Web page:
The Radio Equalizer: Brian Maloney

05 December 2007

New Imus Employer - ABC Radio Owner Faces Financial Ruin


Will New Imus Employer / ABC Radio Owner Survive?

Missing from nearly all of the fawning coverage over the return of Don Imus, it's the elephant in the room: will his new employer (and now owner of major ABC Radio talk stations across the country) survive long enough to see him through even a portion of his new, five- year megadeal?

While mainstream media suck-ups lavish Citadel Communications and its embattled CEO Farid Suleman with praise for reviving the I-Man's career, they've repeatedly failed to mention the severe financial crisis turning the company's future into a giant question mark.

Wall Street certainly isn't under the same spell that has clouded the judgment of our MSM friends: it has beaten CDL shares to a pulp, with near- daily drops that have each taken tens of millions of dollars in market capitalization off the table.

In fact, the money people noticed Citadel's dubious future long ago, with a slow- but- steady sell- off taking CDL from about $22 five years to barely $2 today. Now considered a risky penny stock, shares touched an all- time- low of $1.97 earlier today. It has underperformed all of its competitors in the miserable radio industry.

In addition, Street analysts and investors have been less than impressed by CEO Farid Suleman's move to shower Imus with money. Since his mega- deal was announced, Citadel shares have fallen more than 50%.

An even bigger factor in the sell- off, however, is the ominous and quite unexpected third quarter loss the firm recently reported. From Reuters on 9 November 2007:

BANGALORE, Nov 9 (Reuters) - Radio broadcaster Citadel Broadcasting Corp (CDL.N: Quote, Profile , Research) reported a huge quarterly loss, as asset impairment and disposal charges more than outpaced revenue growth, sending its shares to an all-time low.

The company reported a third-quarter loss of $447.8 million, or $1.71 a share, compared with a net income of $18.4 million, or 16 cents a share, in the year-ago period.

Net revenue, however, more than doubled to $240.2 million from the year-ago period.

Asset impairment and disposal charges of about $463.2 million, or $1.77 a share, took a big bite out of its results for the latest quarter.

Analysts on average were expecting the company to earn 8 cents a share, excluding items, on revenue of $243.4 million, according to Reuters Estimates.

"The quarter was disappointing and this was not expected," Benchmark Co analyst Edward Atorino said by phone.

ABC Radio, which Citadel bought from the Walt Disney Co (DIS.N: Quote, Profile , Research) in the second quarter of 2007, did not perform up to the expectations, he said.

That big revenue jump, by the way, resulted from adding ABC's stations to Citadel's roster, it does not reflect natural growth in already- existing (pre- deal) outlets. Here's the company's Q3 10-Q filing.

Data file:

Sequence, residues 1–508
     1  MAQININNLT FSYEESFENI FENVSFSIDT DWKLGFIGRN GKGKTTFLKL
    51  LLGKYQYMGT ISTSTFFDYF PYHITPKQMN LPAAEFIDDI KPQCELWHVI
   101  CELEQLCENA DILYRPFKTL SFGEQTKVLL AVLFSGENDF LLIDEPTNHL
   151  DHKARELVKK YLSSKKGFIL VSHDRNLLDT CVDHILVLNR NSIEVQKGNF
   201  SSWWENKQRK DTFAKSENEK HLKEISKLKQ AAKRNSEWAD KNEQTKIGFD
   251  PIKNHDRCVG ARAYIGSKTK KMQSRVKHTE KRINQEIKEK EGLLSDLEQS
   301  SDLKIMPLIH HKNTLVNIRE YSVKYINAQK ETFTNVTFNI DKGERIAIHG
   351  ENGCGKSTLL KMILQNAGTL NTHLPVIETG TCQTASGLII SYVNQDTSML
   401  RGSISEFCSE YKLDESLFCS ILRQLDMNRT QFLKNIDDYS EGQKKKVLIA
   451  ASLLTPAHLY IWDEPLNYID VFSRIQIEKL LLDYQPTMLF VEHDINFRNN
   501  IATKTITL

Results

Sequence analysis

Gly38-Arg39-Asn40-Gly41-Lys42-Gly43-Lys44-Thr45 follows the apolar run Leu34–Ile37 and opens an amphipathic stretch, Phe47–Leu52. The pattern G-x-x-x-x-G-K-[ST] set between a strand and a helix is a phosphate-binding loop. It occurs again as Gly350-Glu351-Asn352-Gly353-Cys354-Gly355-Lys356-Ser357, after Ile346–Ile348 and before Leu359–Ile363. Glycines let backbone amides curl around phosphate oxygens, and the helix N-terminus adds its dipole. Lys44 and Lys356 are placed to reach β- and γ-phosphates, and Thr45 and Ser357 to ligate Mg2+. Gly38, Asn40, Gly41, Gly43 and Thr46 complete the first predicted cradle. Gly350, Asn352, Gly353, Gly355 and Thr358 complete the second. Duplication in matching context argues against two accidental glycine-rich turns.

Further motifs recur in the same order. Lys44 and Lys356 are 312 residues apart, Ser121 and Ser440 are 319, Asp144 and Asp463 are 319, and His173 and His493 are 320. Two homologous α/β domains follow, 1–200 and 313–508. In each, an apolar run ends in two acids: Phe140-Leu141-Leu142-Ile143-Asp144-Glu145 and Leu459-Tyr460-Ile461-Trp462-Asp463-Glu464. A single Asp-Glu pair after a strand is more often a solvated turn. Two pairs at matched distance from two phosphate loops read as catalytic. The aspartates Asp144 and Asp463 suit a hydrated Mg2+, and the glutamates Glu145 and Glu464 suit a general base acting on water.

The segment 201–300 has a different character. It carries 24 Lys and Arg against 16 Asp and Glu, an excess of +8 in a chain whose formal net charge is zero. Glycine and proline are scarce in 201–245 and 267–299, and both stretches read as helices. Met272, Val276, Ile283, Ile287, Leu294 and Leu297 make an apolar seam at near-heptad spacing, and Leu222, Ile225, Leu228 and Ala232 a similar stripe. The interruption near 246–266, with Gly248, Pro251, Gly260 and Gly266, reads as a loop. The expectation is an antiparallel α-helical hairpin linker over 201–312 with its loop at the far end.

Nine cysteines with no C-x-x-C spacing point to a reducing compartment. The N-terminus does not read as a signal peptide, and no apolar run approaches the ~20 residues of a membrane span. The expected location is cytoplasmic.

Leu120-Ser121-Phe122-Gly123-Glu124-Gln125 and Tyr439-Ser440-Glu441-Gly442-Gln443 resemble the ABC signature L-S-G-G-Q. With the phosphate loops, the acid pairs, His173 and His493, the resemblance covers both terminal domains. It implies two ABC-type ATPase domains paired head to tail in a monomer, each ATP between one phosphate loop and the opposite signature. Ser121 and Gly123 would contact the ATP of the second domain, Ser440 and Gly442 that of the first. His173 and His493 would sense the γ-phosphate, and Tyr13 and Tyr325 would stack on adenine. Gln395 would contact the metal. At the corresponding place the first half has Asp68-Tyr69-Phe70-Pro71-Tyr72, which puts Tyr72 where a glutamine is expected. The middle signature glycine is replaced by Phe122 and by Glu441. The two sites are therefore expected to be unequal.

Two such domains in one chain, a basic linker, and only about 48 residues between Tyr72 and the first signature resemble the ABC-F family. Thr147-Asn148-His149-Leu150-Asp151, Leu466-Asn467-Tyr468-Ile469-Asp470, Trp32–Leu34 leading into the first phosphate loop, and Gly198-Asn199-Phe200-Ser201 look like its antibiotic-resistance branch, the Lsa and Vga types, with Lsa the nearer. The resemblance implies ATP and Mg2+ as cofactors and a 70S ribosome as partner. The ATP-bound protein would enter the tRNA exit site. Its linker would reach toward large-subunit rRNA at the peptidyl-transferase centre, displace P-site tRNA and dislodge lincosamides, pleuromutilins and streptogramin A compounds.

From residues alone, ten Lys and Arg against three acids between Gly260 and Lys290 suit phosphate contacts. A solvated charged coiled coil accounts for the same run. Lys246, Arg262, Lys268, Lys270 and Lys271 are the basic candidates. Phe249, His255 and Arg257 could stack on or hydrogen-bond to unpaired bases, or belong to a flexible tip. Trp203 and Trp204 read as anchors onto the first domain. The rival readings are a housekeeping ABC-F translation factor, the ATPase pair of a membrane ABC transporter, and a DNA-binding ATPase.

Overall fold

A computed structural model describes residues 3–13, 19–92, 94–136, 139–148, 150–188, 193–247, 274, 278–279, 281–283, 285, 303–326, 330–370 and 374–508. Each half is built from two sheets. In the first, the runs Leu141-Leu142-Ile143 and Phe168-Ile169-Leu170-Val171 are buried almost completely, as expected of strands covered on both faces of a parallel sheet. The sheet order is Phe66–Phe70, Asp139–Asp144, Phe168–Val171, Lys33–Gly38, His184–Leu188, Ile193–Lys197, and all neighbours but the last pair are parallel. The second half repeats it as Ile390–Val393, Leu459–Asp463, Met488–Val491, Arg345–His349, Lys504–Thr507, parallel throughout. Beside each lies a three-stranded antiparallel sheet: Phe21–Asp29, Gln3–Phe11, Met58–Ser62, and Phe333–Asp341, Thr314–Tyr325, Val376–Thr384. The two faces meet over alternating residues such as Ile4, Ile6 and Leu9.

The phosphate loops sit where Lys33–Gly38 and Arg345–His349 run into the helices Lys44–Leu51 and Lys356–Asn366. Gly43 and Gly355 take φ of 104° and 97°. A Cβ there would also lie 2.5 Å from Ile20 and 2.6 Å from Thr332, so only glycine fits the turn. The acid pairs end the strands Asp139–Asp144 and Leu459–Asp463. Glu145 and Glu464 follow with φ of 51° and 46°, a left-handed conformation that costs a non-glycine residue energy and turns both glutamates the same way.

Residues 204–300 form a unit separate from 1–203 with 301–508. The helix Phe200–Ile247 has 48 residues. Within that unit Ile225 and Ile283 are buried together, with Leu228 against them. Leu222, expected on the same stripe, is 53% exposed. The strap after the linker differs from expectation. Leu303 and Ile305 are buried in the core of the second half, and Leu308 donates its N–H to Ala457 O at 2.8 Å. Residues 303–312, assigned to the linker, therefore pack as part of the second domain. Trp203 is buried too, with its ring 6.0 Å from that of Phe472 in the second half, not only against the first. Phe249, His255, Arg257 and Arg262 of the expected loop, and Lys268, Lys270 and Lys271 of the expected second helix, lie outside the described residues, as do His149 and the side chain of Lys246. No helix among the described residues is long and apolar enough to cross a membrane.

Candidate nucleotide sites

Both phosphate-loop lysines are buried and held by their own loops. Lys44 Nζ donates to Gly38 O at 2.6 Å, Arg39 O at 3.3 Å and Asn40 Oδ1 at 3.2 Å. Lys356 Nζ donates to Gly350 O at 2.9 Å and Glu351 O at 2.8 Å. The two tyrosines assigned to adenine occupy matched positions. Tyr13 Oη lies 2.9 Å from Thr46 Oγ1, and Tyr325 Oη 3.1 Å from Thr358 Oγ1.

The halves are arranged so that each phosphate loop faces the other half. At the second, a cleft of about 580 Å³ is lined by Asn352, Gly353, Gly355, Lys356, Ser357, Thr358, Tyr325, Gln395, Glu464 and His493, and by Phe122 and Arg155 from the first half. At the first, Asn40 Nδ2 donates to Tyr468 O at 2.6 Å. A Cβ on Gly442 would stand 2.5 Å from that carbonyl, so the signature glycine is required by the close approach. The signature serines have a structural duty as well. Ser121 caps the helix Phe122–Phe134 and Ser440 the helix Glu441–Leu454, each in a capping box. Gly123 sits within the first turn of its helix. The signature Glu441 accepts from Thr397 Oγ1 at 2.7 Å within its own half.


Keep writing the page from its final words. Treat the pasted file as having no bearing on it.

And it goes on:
Meanwhile, Citadel - ABC Radio employees sure haven't missed the story, instead bracing for what are expected to be massive layoffs in the coming months. It's not a question of if, but when, a major housecleaning will occur. Managers, hosts, producers and other staffers are nervously awaiting what may come just after the holidays, according to insiders who have contacted your Radio Equalizer privately.

While some feel protected for now by their talent contracts, it isn't clear whether those would be invalidated in any potential bankruptcy filing.

Beyond the firm's staffers, watching CDL shares take their daily bath has become almost an obsession in some industry circles, with emails traded and comments posted regarding the latest drops.

So what has gone wrong? The easy answer is that Citadel, formerly an operator of stations in small markets, bit off more than it could chew to acquire ABC Radio. It was a complex deal with Disney that took two years to finalize. But in reality, this money- losing company was troubled long before that point.

Worse, Suleman mistakenly followed the lead of other radio CEOs who have attempted to micromanage the content of their radio stations without the skills to pull it off. A handful of egomaniacs are currently holding our entire industry hostage, destroying countless careers and formerly successful outlets through sheer programming incompetence.

As a result, radio's future has never looked shakier, with owners attempting to sell large blocs of stations into an already flooded market. And with ad revenue increasingly migrating toward the Internet, broadcasting would face tough enough challenges even if it weren't bent on committing suicide.

From here, there are big questions: will the company, long backed by its association with LBO firm Forstmann, Little & Co, be able to avoid bankruptcy? Is the I-Man's contract worth the paper on which it is printed? Will some of America's most successful talk radio stations and hosts be taken to the woodshed along with the rest of Citadel?

Just imagine the plight of Citadel insiders who believed their now largely worthless share options would fund a decent retirement. Will they receive a second blow through the loss of their positions?

And why isn't the mainstream media calling attention to the firm's troubles in their fawning coverage of Imus's return? Is this a journalistic thank- you for bringing back their idol? Or are they too ignorant to notice the elephant in the room?

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  • mmnmm Brian, I know people who worked at WABC, the house cleaning took place already. The production people are all NEW people Citadel hired, and many others have been replaced from ABC's staff, the day Citadel was offcially in charge. Thereis not much more to "clean", they replaed everyone already....

    By Blogger Minister of Propaganda, at 06 December, 2007 10:04  

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